It is not possible to describe in a few words the impetus given by the discovery of these connections to physico-chemical research altogether. A school, headed by Ostwald, of most enthusiastic supporters of what has been termed (not quite properly) the physical theory of solutions, has grown up; and this school, while bringing out a mass of important researches and widening the field of chemical investigations, has naturally come to consider itself as being on the right track for elaborating a complete theory of the subject. Unhappily, this is not the case, because the chemical reactions which undoubtedly take place in solutions are not taken into account in the just-mentioned physical laws. In reality, so long as but small amounts of solids, or liquids, or gases are dissolved in a liquid, and so long as only such bodies are brought into contact as have no strong chemical affinity for each other, the above theories are quite correct. But as soon as the solution is rendered stronger, or the solvent and the dissolved body are endowed with a mutual chemical affinity, chemical reactions set in. Part of the molecules of the dissolved body dissociate, and the atoms of which they were composed, on being set free, combine with the atoms of the solvent. Chemical forces, much more energetic than the physical forces, enter into play, and most complicated chemical reactions—the intensity of which may be judged of from the changes of temperature—begin. To deny them is simply impossible, although this has been done in the excitement of polemics. The chemical reactions which take place within the solutions, and especially the formation of definite though unstable compounds of salts, acids, and bases with water, have been rendered evident by so many careful investigations of experienced chemists, that the secondary importance given to them by most adherents of the physical theory would be simply incomprehensible were it not for the hope which they cherish of ultimately explaining all chemical processes by the above-mentioned molecular movements. At any rate, in order to account for the effects of the chemical reactions, the followers of the physical theory were compelled to seek support in an additional agency—electricity. Starting from the familiar fact of solutions being decomposed by an electrical current, they admitted that in every solution part of its molecules dissociate, breaking up into their component parts, which are charged with either positive or negative electricity (the name of "ions" is usually given to those component parts). By means of this admission, they attempted to explain the discrepancies between observation and the conclusions drawn from the above-mentioned laws,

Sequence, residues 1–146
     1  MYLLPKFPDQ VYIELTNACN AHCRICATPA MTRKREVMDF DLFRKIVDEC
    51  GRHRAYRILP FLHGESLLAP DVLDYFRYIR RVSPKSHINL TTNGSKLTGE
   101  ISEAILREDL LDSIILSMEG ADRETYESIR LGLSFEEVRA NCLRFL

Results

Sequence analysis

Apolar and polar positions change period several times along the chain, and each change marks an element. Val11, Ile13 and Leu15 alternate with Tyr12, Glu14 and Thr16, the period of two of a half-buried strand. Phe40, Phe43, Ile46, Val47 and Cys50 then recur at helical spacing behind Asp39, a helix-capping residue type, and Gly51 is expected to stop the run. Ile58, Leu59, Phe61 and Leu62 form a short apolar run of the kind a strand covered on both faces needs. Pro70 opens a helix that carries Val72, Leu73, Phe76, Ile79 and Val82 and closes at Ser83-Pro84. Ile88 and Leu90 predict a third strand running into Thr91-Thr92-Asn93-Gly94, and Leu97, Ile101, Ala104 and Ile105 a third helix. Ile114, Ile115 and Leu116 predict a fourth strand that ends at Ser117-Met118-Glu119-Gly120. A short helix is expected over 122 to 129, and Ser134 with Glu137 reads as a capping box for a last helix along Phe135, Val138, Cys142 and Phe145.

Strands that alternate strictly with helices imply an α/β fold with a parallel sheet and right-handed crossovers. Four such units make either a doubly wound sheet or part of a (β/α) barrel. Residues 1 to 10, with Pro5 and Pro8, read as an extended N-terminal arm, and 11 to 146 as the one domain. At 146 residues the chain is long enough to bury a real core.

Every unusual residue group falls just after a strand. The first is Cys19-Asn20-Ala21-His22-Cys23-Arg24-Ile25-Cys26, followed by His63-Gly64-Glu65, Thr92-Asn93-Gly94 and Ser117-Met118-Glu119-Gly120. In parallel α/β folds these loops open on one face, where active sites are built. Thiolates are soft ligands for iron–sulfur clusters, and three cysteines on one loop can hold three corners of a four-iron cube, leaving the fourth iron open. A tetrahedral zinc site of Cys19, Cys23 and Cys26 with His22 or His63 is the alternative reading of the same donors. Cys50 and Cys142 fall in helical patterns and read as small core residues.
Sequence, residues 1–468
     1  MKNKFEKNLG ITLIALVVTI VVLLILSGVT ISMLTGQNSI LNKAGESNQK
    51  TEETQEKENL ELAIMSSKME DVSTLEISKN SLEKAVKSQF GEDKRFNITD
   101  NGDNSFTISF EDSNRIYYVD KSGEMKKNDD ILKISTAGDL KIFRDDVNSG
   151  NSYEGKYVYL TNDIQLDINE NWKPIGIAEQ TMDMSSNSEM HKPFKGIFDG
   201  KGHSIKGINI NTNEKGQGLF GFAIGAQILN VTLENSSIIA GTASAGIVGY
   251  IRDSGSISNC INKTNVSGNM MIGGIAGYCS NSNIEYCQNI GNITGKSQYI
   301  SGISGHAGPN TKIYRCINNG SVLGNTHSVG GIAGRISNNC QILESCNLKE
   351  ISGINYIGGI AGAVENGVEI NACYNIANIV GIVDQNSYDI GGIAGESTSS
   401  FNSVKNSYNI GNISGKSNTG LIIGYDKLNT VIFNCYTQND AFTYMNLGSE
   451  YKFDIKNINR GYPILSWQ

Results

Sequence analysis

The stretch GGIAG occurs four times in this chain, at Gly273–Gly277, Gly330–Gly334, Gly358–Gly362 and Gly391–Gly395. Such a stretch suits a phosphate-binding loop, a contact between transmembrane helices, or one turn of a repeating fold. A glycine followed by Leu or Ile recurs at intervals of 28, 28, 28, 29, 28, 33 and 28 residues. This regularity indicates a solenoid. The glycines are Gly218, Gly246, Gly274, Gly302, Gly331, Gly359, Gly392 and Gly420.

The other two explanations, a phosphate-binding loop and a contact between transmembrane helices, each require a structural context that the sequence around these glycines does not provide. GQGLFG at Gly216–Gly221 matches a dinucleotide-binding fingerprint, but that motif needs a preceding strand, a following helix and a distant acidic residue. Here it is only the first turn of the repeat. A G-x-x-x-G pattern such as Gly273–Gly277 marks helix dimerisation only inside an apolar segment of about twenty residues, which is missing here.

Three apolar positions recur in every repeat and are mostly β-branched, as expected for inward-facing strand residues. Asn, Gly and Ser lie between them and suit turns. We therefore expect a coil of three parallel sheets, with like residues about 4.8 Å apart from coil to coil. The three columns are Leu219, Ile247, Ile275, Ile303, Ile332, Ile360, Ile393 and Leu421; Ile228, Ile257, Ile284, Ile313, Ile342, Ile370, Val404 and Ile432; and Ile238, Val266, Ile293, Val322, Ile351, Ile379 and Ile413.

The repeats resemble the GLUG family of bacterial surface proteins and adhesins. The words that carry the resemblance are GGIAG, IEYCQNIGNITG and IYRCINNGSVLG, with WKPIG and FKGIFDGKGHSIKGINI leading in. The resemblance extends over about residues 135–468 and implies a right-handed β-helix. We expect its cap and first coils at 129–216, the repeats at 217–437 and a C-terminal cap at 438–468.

- We need only mention the names of Armstrong, Etard, Pickering, Mendeléeff, and so on.